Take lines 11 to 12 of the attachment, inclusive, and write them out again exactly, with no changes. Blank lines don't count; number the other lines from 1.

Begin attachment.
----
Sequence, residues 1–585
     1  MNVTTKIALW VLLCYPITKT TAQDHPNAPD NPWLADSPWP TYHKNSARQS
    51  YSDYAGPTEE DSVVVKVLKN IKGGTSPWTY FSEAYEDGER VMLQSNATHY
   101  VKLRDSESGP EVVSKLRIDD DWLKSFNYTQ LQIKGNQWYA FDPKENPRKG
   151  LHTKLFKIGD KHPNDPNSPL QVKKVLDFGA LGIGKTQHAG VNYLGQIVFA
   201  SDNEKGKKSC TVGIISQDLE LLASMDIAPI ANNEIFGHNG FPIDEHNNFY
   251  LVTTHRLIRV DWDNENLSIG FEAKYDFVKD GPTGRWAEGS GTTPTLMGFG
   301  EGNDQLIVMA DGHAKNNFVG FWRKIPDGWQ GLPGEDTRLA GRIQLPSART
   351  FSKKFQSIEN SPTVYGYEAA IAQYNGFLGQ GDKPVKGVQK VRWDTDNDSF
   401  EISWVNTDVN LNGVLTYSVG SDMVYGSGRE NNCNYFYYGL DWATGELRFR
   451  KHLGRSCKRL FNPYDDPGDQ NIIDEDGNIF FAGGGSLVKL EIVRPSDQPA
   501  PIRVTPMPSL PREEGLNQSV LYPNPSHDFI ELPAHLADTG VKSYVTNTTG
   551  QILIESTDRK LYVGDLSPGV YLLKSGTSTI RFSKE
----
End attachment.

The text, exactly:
   451  KHLGRSCKRL FNPYDDPGDQ NIIDEDGNIF FAGGGSLVKL EIVRPSDQPA
   501  PIRVTPMPSL PREEGLNQSV LYPNPSHDFI ELPAHLADTG VKSYVTNTTG